quote:Originally posted by Aditya:
Which is the IEC 61557 subsection that mentions 1 mA? I went through some; could only find an upper limit of 10 mA. This (61557-8) was however for IT systems; not motors.
The publication is IEC 61557-2, "Electrical safety in low voltage distribution systems up to 1000V AC and 1500V DC - Equipment for testing, measuring, or monitoring of protective measures - Part 2: Insulation resistance." The subsection, under "Requirements", is 4.3, which states:
"The rated current shall be at least 1 mA."
quote:How is your experience with the AT-33?
I was not impressed. I evaluated three examples of the AT-33EV, which appears to be a variant of the AT-33 IND. These units were used on dozens of motors, good and bad, by several dozen users, all with similar results.
I found the milliohmmeter function of all three examples to be especially unreliable. One of the three had supposedly been revised by All-Test Pro after they learned of my findings. However, I found that it had the same performance issues as the first two.
quote:Did you pick up insulation faults with it?
Sometimes I could, as long as the faults were constant and significant faults. However, many of those faults were severe enough that even a conventional ohmmeter would have detected them. For intermittent faults, or insulation that had not yet failed, but was beginning to weaken, I could not trust the tool.
I also noticed that insulation resistance values were dramatically different when the tool was plugged in to its charger than when the tool was not plugged in.
quote:Would you recommend I purchase it or not for condition monitoring of LV motors?
I can't recommend it. Had my three examples of the tool performed as advertised, I still wouldn't have been able to recommend it. As far as I can see, it doesn't do anything useful that can't be done better by cheaper tools, even on a good day.
To be fair, I should mention that the tool distributor who sold the tools, as well as All-Test Pro, did not agree with my findings. They supposedly had an independent third party evaluate several examples of the tool. The third party was Howard Penrose, who, as I understand it, used to work for All-Test Pro.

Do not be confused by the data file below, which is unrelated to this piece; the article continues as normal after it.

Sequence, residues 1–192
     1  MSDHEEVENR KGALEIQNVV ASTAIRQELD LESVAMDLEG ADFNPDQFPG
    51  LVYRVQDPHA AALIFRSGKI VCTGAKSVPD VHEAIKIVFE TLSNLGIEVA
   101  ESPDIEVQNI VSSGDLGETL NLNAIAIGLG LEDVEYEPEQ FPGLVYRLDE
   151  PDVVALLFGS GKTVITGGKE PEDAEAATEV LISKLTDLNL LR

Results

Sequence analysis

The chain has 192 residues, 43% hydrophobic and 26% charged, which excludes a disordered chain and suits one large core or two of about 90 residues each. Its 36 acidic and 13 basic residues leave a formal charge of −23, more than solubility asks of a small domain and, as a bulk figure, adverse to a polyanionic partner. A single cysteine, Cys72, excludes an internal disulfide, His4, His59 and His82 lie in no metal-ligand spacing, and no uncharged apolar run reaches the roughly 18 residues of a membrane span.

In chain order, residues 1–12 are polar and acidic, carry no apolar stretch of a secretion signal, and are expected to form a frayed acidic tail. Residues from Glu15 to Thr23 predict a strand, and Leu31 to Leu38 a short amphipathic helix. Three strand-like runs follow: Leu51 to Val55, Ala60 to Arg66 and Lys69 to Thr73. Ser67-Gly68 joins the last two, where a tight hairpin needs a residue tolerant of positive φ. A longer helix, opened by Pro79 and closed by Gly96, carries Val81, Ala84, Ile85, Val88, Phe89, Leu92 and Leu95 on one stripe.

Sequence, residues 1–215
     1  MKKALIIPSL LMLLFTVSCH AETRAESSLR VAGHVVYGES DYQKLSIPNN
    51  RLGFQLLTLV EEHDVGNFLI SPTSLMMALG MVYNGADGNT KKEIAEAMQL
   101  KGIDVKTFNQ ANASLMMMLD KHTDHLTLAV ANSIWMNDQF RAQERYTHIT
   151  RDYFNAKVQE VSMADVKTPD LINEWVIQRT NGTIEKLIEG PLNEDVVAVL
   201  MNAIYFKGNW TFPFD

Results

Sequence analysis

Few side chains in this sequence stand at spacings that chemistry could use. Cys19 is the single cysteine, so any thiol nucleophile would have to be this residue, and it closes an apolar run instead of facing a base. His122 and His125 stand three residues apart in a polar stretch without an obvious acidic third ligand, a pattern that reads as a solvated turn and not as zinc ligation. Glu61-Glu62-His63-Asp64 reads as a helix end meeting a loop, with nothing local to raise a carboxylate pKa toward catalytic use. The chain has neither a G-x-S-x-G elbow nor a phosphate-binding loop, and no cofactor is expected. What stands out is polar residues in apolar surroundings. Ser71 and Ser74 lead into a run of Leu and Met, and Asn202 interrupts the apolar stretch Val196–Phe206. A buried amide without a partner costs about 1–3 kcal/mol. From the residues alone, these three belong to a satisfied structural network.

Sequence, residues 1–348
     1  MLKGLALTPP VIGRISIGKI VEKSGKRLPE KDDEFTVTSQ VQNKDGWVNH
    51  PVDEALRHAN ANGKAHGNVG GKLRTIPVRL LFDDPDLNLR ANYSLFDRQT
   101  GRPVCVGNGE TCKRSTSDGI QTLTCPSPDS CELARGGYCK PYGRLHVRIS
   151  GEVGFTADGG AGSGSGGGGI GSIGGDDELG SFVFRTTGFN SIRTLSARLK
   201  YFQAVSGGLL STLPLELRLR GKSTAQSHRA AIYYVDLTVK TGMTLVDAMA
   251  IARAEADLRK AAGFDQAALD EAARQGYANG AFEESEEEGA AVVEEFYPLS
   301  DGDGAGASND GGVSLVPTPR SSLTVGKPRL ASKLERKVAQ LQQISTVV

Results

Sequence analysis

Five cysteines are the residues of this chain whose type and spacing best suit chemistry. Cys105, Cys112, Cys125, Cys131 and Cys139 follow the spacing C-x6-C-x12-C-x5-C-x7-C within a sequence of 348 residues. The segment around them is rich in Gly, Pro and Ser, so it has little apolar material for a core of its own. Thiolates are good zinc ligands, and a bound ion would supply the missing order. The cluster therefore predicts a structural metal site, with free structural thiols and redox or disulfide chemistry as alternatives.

The report that I received states that Mr. Penrose tested the milliohmmeter function of the tool on a motor, and found that one AT-33, serial number E3301004, measured 38.59 milliohms on Phase 1 of the motor. Another AT-33, serial number E3301008, apparently measured 44.01 milliohms on the same phase.
44.01 millohms is about 14% higher than 38.59 milliohms. That is a hell of a difference between two examples of the same meter, in my opinion.
The report, by the way, found no issue with the two tools. Perhaps All-Test Pro will send you the report if you ask? Or post it on their website?
quote:There are lots of techniques to test MV motors; but almost nothing for LV motors.
I realize that you already know most or all of this, but for LV windings with PM rotors, you can:
- Rotate the rotor and check for uneven rotation caused by a phase-to-phase short
- Use a milliohmmeter to check for a phase-to-phase short
- Compare phase-to-phase impedances and/or inductances to check for a turn-to-turn short
(these meters can be had for less than $400 USD)
- Use a quality megger to check for a phase-to-ground short
I haven't had any problems diagnosing low-voltage stator windings with these methods.